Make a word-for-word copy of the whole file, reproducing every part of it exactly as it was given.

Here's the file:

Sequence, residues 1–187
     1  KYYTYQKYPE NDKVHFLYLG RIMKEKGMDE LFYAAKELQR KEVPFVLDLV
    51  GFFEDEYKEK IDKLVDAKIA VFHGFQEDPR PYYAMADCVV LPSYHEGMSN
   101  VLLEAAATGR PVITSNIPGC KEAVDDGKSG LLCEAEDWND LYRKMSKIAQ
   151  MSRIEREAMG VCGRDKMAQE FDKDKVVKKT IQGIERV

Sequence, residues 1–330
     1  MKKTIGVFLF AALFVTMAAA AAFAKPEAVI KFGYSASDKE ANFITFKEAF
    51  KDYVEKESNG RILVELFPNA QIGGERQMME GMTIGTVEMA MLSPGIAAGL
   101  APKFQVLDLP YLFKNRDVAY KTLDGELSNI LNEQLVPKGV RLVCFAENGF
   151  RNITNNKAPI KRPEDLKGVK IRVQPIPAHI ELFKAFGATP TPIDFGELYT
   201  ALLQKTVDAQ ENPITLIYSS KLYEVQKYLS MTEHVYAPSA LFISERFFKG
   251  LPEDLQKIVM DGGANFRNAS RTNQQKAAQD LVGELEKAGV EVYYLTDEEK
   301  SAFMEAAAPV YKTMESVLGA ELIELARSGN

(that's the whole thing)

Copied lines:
Sequence, residues 1–187
     1  KYYTYQKYPE NDKVHFLYLG RIMKEKGMDE LFYAAKELQR KEVPFVLDLV
    51  GFFEDEYKEK IDKLVDAKIA VFHGFQEDPR PYYAMADCVV LPSYHEGMSN
   101  VLLEAAATGR PVITSNIPGC KEAVDDGKSG LLCEAEDWND LYRKMSKIAQ
   151  MSRIEREAMG VCGRDKMAQE FDKDKVVKKT IQGIERV

Sequence, residues 1–330
     1  MKKTIGVFLF AALFVTMAAA AAFAKPEAVI KFGYSASDKE ANFITFKEAF
    51  KDYVEKESNG RILVELFPNA QIGGERQMME GMTIGTVEMA MLSPGIAAGL
   101  APKFQVLDLP YLFKNRDVAY KTLDGELSNI LNEQLVPKGV RLVCFAENGF
   151  RNITNNKAPI KRPEDLKGVK IRVQPIPAHI ELFKAFGATP TPIDFGELYT
   201  ALLQKTVDAQ ENPITLIYSS KLYEVQKYLS MTEHVYAPSA LFISERFFKG
   251  LPEDLQKIVM DGGANFRNAS RTNQQKAAQD LVGELEKAGV EVYYLTDEEK
   301  SAFMEAAAPV YKTMESVLGA ELIELARSGN